Skip to content Skip to left sidebar Skip to right sidebar Skip to footer

Peterhead Community Test Centre 1 week

Peterhead Community

Peterhead Community Test Centre – After a successful first week

Author: Morven Jane

I wanted to share some information about the site to make people feel more comfortable about visiting.

Community testing allows for early identification of outbreaks and reassures you that you can safely go about your essential duties.

If you are an employer, encouraging your staff to be tested can give you peace of mind, at no cost to your business.

If you are already being offered testing, e.g. teachers, but are apprehensive, we will guide you through the process and hopefully give you the confidence to test at home in the future.

Our Peterhead Community Test Centre is based in the Rescue Hall on Prince Street and is open 8.00AM7.30PM every day, including weekends, until at least late May.

Anyone who lives/works/studies/shops in Peterhead and the surrounding area can come along up to twice a week for a self administered lateral flow test, which obtains results in less than an hour.

Being tested counts as essential travel, but we encourage you to visit as part of another essential journey, such as before a grocery shop or at school drop off.

All ages are welcome, but those aged 12-17 should have consent from a guardian and those under 12 must have a guardian with them to assist with the swabbing process.

If you need additional support, you can come along with other members of your household support bubble, such as a carer or translator (although we do have translation facilities available).

Please note that staff cannot administer any swab test. To be eligible for testing you must not have any coronavirus symptoms (new persistent cough, fever, loss of change in taste or smell), have had a coronavirus vaccine in the last 3 days, or have tested positive for Covid in the last 90 days.

In addition, avoid eating or drinking anything in the half hour before you carry out the test.

On arrival we will take your name and a contact telephone number (only used if your test is positive, and destroyed at the end of each day).

Scanning a QR code opens the website where you will register your test – staff are on hand to assist with this if needed and tablets are available for those without a smartphone.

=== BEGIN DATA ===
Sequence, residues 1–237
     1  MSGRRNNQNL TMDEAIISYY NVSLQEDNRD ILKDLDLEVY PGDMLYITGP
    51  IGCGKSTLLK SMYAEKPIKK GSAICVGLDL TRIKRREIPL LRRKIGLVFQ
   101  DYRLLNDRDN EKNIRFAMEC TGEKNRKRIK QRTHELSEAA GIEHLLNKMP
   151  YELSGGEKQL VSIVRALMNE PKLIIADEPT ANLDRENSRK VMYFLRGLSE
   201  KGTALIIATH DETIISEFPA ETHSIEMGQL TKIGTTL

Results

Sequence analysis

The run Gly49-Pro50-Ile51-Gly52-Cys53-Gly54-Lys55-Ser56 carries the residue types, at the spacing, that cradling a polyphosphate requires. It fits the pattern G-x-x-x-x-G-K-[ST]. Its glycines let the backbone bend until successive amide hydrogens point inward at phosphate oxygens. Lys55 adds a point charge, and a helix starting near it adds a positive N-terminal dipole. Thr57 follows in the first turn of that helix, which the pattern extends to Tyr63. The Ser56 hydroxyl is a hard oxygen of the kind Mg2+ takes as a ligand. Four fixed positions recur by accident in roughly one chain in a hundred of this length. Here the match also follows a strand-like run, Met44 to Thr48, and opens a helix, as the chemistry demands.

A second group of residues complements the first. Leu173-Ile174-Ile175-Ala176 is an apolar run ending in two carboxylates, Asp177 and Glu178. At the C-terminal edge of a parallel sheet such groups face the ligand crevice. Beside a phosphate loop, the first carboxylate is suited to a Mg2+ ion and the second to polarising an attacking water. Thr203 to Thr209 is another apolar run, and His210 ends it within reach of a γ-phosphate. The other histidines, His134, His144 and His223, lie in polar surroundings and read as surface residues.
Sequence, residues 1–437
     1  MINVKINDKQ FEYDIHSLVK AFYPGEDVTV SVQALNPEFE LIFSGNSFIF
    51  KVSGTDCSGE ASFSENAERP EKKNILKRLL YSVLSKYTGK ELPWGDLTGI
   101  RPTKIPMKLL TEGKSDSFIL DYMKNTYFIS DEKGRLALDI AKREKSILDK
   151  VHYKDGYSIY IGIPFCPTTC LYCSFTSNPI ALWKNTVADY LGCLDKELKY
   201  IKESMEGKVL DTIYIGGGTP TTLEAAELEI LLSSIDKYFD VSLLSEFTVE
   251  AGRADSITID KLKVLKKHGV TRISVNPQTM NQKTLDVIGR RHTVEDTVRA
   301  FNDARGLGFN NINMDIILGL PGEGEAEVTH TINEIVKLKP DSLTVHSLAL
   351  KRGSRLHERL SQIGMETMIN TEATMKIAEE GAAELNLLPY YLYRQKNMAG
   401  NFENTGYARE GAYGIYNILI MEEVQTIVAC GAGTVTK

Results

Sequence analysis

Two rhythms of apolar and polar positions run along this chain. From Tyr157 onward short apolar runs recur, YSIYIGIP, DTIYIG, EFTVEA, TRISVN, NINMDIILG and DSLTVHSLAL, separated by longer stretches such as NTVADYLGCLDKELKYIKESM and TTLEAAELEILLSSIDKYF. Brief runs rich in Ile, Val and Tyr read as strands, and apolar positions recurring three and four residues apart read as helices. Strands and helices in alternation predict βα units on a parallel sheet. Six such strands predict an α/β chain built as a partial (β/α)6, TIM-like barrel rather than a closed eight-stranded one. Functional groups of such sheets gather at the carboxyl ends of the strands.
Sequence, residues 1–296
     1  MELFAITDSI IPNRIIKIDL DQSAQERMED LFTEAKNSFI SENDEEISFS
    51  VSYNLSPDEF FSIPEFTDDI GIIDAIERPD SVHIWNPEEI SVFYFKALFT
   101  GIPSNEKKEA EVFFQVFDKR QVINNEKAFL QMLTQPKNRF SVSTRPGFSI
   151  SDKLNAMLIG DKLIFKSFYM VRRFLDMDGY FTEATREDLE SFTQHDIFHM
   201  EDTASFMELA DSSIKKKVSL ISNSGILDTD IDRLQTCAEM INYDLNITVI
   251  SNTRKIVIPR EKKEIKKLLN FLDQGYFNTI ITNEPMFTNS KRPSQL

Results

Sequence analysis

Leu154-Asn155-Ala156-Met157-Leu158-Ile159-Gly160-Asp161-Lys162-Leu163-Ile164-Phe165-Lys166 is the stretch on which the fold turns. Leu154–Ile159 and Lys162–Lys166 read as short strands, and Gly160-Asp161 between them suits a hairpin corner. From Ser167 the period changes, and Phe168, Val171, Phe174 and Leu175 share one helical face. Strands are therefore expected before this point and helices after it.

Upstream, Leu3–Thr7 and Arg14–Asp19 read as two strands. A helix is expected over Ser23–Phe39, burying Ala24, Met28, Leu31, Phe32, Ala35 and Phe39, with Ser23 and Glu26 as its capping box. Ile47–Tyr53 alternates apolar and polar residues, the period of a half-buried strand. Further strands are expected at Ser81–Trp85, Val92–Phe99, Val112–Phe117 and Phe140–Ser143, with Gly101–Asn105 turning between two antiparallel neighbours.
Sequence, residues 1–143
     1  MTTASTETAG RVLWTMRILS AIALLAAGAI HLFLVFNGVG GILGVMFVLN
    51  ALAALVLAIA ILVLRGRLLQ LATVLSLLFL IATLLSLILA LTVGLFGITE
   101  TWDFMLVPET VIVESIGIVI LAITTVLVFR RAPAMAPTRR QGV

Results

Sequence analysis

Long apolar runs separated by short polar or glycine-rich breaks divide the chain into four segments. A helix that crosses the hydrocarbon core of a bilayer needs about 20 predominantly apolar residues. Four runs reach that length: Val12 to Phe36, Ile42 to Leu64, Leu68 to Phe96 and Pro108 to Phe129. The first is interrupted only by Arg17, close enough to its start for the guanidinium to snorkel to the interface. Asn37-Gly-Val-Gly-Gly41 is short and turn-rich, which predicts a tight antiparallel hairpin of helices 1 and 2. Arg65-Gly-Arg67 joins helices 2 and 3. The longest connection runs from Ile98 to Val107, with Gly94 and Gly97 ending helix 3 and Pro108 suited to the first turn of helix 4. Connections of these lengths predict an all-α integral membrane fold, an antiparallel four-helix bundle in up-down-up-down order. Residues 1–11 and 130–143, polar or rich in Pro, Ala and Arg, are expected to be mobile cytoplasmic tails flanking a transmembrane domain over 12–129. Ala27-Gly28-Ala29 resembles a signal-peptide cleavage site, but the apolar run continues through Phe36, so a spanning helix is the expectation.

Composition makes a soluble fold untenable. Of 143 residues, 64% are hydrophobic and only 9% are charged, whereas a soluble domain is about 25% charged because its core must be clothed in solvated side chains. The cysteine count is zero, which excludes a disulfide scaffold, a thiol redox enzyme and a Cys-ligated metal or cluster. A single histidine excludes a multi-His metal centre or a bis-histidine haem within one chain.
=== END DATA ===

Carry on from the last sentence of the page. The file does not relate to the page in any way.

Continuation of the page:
The form is quite long, but there’s no rush – you will be asked to stand on one of the socially distanced crosses while you complete it.

After registration, you will be taken to one of three testing booths where an operative will guide you through the swabbing process. Once seated, you may remove your mask and blow your nose.

Open the swab packet AT THE HANDLE END, just enough to pull the swab out.

Swipe the (tiny – see photo!) swab over each tonsil 4 times, taking care not to let the swab touch anything else (hands, table, tongue, teeth, etc.) then rotate the same swab inside one nostril 10 times (only going up until you feel resistance).

Insert the swab (swab end first) into the tube provided, then put your mask back on and wipe down your booth. You will leave the test centre following the one way system, where someone will provide you with an information leaflet. Your test result will be registered after 30 minutes and a text/email automatically sent to you.

Only if you do not have easy access to either of these may you wait in the centre to receive your result.In the unlikely event your result is positive, staff at the centre will contact you to arrange for PCR tests to be sent for all members of your household.

You and all in your household (including in extended household) MUST go home immediately and self isolate. If your PCR tests are negative, you may end your self isolation. A major misconception about community testing is that it is designed to increase the number of positive cases.

Undoubtedly some asymptomatic positive cases will be detected that would not have otherwise, however detecting these prevents them from spreading it to others, causing more positive cases in the following weeks. In addition, by testing asymptomatic individuals, the percentage of positive tests will likely decrease as most at the site will receive a negative result.

I hope this has reassured people who are apprehensive about being tested and highlighted the importance of community testing.

We hope to see you soon!

Peterhead Community Test Centre and Morven Jane

0 Comments

There are no comments yet

Leave a comment

Your email address will not be published. Required fields are marked *